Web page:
An impressive fragment of a marble plaque (20 x 20 cm) bearing parts of an Arabic inscription from the beginning of the tenth century CE was discovered in archaeological excavations the Israel Antiquities Authority
carried out prior to construction slated to take place in a private house in the Jewish Quarter of Jerusalem.
The house is located north of the Crusader period Church of St Mary of the Germans. Part of the churchs foundations and the remains of a building, which dates to the time when the Ayyubids ruled the city after capturing it from the Crusaders (13th century CE), were uncovered in the excavation.
Three engraved lines of square Arabic script that is characteristic of the first centuries of the Islamic period are all that have survived of the inscription. Professor Moshe Sharon of the Hebrew University of Jerusalem deciphered the writing based on two similar inscriptions that were previously discovered in the country. According to Professor Sharon, The inscription that was found now, which dates to the year 910 CE, and other such inscriptions, commemorates the granting of an estate by the Abbasid caliph to one of his loyal followers in Jerusalem. We know from this type of official inscription that the caliph used to give land to his followers who were, for the most part, retired army veterans, and even exempted them from paying taxes for the receipt of the property.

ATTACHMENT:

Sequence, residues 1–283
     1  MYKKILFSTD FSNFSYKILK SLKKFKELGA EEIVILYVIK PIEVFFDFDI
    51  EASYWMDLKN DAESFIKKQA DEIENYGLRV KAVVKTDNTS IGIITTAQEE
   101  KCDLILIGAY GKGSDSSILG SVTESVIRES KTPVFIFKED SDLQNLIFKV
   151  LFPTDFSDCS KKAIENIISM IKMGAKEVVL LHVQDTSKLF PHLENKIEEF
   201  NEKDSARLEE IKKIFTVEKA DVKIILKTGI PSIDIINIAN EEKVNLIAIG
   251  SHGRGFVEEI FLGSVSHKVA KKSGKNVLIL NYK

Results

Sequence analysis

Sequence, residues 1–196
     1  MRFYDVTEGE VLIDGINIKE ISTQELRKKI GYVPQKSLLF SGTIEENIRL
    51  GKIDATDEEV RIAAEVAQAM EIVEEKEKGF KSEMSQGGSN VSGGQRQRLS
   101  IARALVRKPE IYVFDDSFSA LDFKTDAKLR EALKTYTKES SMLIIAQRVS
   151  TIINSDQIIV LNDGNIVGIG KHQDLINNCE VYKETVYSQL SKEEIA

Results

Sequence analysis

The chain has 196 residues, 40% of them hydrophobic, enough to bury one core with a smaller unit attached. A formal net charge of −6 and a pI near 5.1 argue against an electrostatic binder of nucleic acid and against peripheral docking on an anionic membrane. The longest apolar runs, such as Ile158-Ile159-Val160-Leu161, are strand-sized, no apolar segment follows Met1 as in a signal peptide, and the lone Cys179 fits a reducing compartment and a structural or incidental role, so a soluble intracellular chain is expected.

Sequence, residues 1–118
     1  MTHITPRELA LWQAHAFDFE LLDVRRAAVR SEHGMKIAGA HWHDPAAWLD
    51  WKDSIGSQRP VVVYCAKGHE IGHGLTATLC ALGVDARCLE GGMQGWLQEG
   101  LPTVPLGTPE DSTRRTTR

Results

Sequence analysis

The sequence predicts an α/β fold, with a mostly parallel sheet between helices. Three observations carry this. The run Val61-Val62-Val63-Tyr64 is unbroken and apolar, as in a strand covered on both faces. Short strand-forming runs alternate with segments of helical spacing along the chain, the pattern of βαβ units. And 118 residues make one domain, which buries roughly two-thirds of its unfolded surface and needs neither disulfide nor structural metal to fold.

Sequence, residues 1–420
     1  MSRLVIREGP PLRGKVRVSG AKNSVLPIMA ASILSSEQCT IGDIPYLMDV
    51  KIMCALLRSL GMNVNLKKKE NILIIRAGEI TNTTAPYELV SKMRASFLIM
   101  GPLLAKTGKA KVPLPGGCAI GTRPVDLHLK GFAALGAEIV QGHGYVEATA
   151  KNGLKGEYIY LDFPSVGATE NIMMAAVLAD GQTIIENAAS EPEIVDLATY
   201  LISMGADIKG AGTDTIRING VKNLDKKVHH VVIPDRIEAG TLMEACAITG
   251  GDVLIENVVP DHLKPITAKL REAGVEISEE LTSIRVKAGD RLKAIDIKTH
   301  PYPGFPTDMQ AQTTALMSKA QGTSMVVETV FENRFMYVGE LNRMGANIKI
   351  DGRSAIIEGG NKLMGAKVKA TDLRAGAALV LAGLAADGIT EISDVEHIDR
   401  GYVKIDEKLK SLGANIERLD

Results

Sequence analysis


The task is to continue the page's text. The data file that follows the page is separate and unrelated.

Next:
Annette Nagar, the excavation director on behalf of the Israel Antiquities Authority, who discovered the inscription, says, The reign of the Abbasid caliph Al-Muqtadir (also known as Emir of the Faithful; 908-932 CE) was characterized by repeated wars for control over Israel with the Fatimids, who ruled Egypt,. The caliph probably granted estates as part of his effort to strengthen his hold over the territories within his control, including Jerusalem, just as other rulers did in different periods.
In addition to the inscription, numerous ceramic vessels, glass vessels and coins that range in date from the Second Temple period to the Middle Ages were discovered in the excavation. Noteworthy among the pottery are the oil lamps decorated with Arabic inscriptions that were found in the foundations of the Ayyubid structure and on its floor.